The separate accounts are designed to protect the lender and require inspections before construction funds are released, he said.
For homeowners who have to stay in their existing house until their new home is complete, Mr. Busch offers a financing package that defers mortgage payments on the property undergoing renovations while construction is under way.
Homeowners who qualify pay only the mortgage on their existing home and interest-only payments on the new house for a period of 12 months, he says.
Then, after they move into the new house, the mortgage is modified to a traditional mortgage so the buyer is not carrying two separate mortgage payments, he says.
“You can stay in your old house while your new house is undergoing renovation, and you won’t have to make two payments,” Mr. Busch says.
Homeowners need to work with licensed contractors to qualify for a rehabilitation mortgage.
Many lenders also will require a separate contingency fund for unexpected problems that crop up during construction.
“The lender is involved during the renovation period. There are inspections that are required as part of the process,” says Jim Matheson, senior product manager for Fannie Mae.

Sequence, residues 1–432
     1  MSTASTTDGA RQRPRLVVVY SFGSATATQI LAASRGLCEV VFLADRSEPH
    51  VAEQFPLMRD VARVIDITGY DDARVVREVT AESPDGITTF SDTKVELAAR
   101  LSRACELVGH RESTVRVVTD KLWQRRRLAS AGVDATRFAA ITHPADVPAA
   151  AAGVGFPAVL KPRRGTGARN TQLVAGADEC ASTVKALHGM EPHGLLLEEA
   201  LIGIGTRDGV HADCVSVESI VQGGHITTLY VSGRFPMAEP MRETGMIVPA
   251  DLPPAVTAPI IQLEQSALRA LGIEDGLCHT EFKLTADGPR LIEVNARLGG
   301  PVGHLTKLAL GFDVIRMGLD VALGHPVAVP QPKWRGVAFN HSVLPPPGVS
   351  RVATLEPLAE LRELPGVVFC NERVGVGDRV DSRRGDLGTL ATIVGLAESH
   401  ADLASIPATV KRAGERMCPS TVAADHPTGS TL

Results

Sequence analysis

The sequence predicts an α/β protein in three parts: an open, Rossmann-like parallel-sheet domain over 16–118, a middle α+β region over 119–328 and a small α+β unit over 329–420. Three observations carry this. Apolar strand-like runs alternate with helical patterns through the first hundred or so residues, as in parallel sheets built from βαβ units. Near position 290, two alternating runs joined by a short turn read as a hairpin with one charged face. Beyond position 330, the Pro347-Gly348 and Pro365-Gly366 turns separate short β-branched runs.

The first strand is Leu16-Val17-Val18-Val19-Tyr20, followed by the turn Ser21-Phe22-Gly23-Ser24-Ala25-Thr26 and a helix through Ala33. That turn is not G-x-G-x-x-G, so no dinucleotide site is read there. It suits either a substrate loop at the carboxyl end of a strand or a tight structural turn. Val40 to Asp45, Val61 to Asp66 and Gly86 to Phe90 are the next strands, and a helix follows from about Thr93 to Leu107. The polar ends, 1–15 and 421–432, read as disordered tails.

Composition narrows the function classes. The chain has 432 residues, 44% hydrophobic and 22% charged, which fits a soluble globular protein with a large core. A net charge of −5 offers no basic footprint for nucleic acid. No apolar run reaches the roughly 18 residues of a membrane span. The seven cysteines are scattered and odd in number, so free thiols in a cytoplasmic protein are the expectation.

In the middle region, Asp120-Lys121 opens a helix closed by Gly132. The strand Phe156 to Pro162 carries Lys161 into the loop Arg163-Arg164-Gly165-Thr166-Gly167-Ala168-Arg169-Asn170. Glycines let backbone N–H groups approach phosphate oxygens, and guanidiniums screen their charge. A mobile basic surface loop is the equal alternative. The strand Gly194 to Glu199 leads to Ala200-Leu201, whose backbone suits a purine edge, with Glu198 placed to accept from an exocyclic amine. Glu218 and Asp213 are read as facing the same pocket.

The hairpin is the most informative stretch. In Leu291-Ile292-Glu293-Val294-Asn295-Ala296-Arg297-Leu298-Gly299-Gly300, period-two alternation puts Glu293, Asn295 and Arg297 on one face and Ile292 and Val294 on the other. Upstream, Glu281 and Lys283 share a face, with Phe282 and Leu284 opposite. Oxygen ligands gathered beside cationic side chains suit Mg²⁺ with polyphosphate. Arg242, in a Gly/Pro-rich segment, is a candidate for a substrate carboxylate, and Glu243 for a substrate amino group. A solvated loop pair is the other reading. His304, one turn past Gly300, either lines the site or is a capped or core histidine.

The Fannie Mae program — HomeStyle Renovation Mortgage — was established in 1999 to help buyers finance renovations with a traditional-style mortgage.
The program offers the same rates as traditional mortgages but sets aside cash for renovations in a joint account with the lender and buyers. Qualified buyers can receive up to 50 percent of the value of their mortgage, depending on their income and other criteria.
For a $400,000 home, that means a loan up to $200,000 is possible, depending on the appraiser’s report and the buyer’s qualifications, Mr. Matheson says.
Buyers can choose from fixed-rate mortgages with 15- to 30-year terms or an adjustable rate mortgage. There also is a provision to finance up to six months of mortgage payments if the house is unlivable during construction.
“The program has drawn a lot of interest. There are a lot of cities that have aging neighborhoods where people want to stay put,” Mr. Matheson says. “It’s a good fit.”
Freddie Mac offers a similar program. The Affordable Gold Rehabilitation Mortgage offers one mortgage and one closing. If needed, clients can roll six months of mortgage payments into the financing plan while construction is under way, Mr. German says.
“Our biggest problem is education. People just don’t know the product is available,” Mr. Jones says.